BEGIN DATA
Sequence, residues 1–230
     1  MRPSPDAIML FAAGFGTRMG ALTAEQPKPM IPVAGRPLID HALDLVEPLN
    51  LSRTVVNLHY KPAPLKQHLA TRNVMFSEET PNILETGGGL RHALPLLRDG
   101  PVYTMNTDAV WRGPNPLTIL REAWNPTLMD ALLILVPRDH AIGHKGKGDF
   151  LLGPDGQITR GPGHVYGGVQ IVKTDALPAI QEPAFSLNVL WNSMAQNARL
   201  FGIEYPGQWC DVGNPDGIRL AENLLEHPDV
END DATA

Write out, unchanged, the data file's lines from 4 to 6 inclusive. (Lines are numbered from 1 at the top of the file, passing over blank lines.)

   101  PVYTMNTDAV WRGPNPLTIL REAWNPTLMD ALLILVPRDH AIGHKGKGDF
   151  LLGPDGQITR GPGHVYGGVQ IVKTDALPAI QEPAFSLNVL WNSMAQNARL
   201  FGIEYPGQWC DVGNPDGIRL AENLLEHPDV